Author(s): Magda Szabo
A young writer, struggling for success, employs an elderly woman called Emerence to be her housekeeper.
From their first encounter it is clear that Emerence is no ordinary maid.
Although everyone in the neighbourhood knows and respects her, no one knows anything about her private life or has ever crossed her threshold. Only a great drama in the writer's life prompts Emerence to unveil glimpses of her traumatic past - a past which sheds light on her peculiar behaviour.
The Door brilliantly evokes the development of the bond between these two very different women, and the tragic ending to their relationship.
A story of the relationship between two women, one encouraging the other to emerge from her inner isolation. Poignantly sad but resolutely uplifting.
Shortlisted for Independent Foreign Fiction Prize 2006.
"The Door has been waiting for us for more than sixteen years. It has just opened" Livres Hebdo "In The Door, Hungary's most famous living author, Magda Szabo, gives a rare insight into the precarious relationship between the "lady writer" and her woman who does...The Door is a valuable document of a vital relationship." -- Elena Seymenliyska Guardian "'Szabo manages to conjure up as many cliffhangers as an Indiana Jones film. The Door is a triumph. Clever, moving, frightening, it deserves to be a bestseller'" -- Tibor Fischer Daily Telegraph "'No brief summary can do justice to the intelligence and moral complexity of this novel. I picked it up without expectation. I read it with gathering intensity, and a swelling admiration. I finished it, and straightaway started to read it again. It is unusual, original and utterly compelling'" Scotsman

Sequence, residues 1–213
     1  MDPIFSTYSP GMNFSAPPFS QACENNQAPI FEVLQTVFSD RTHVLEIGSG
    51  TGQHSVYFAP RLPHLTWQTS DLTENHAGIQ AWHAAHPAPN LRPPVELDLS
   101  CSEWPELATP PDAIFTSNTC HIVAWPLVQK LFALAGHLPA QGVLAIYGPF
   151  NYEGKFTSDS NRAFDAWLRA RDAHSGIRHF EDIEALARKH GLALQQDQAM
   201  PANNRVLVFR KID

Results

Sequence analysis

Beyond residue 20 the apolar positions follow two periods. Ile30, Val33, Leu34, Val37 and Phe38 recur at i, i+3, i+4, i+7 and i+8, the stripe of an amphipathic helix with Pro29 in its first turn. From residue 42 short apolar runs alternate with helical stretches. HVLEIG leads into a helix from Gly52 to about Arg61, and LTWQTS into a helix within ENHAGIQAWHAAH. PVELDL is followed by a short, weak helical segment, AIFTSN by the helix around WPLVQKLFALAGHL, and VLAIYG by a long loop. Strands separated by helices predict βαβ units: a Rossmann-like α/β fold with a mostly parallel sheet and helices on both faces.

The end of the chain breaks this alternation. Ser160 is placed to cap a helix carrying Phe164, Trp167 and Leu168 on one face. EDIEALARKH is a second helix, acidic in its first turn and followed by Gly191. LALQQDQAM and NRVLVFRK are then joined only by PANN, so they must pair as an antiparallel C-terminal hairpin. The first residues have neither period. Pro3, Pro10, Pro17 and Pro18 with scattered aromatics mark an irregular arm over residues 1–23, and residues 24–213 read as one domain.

Magda Szabo was born in 1917 in Debrecen, Hungary. She began her literary career as a poet. In the 1950s she disappeared from the publishing scene for political reasons and made her living by teaching and translating from French and English. She began writing novels, and in 1978 was awarded the Kossuth Prize, the most prestigious literary award in Hungary. Magda Szabo died in 2007.